- Fairview Health Services in Minneapolis, MN, was awarded a demonstration grant to establish perinatal best practices across its 16 hospitals and to assess the impact on patient safety and liability activity.8 The program has resulted in a 74 percent reduction in preventable birth trauma to full-term newborns (preventing 30 cases over four years), 38 percent fewer preventable neonatal intensive care unit admissions of full-term babies, and a 12 percent reduction in preventable maternal complications (172 cases prevented over four years).
- Ascension Health system in St. Louis, MO, was awarded a grant to implement a “uniform, evidence-based obstetrics practice model,” with the expectation that eliminating variation in practice would enhance patient safety.8 As of February 2012, no liability cases or notices of intent for shoulder dystocia had been filed. Ascension historically would have experienced at least three incidents over the 20-month period since the program was established in July 2010. In addition, rates of reporting breaches in patient safety increased three-fold in that interim, but the severity of reported cases decreased. Finally, fewer birth traumas occurred in the five hospitals included in the initiative.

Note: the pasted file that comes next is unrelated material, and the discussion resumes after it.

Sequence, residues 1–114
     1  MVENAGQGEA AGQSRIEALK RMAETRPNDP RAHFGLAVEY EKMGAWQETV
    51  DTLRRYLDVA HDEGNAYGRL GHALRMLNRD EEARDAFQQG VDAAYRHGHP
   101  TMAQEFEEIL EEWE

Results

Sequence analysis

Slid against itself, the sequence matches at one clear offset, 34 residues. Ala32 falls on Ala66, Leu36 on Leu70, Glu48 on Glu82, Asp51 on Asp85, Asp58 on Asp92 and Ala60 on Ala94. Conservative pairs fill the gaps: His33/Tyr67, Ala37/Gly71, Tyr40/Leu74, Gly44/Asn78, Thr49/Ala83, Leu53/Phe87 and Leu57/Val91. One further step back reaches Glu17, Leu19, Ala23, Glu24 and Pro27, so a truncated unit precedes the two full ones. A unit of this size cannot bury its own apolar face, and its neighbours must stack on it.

- The University of Illinois, Chicago (UIC), was awarded a demonstration grant to expand its Seven Pillars Program and to evaluate its impact on liability activity.9 The initiative has yielded an 80 percent reduction in time to settle full disclosure cases, a 70 percent reduction in litigation-related costs, and UIC reports that no meritless suits were filed for at least 18 months.7 The initiative saved payors, including Medicare and Medicaid, an estimated $3 million annually since 2006.7 In all, 20 more hospitals have joined the initiative, even though they received no funding to do so. Furthermore, the initiative seems to have significantly slowed the practice of defensive medicine, reducing the rate of growth in clinical lab orders by 24 percent and radiology orders by 18 percent.7
Table 2: Demonstration Grants Awarded (2010) by the Medical Liability Reform and Patient Safety Initiative4
|Area of promise||Recipient||Proposal|
|Best practices and patient safety||Fairview Health Services, Minneapolis, MN||Establish perinatal best practices in 16 hospitals to assess the impact on patient safety and the level of malpractice activity|
|Ascension Health system, St. Louis, MO||Create uniform, evidence-based obstetrics practice model; expect that eliminating variation in obstetrical practice improves patient safety|
|Improved provider-patient communication||University of Illinois at Chicago||Build on Seven Pillars Program; expand existing disclosure program and evaluate impact on malpractice activity|
|University of Washington, Seattle||Develop statewide initiative involving communication training for health care workers; collaboration between hospitals and a malpractice insurer to improve adverse event analysis, disclosure, and compensation|
|University of Texas Health Science Center, Houston||Establish disclosure and compensation model; identify and disseminate best practices for disclosure to improve patient safety; focus on incorporating patient and family input into root cause analysis|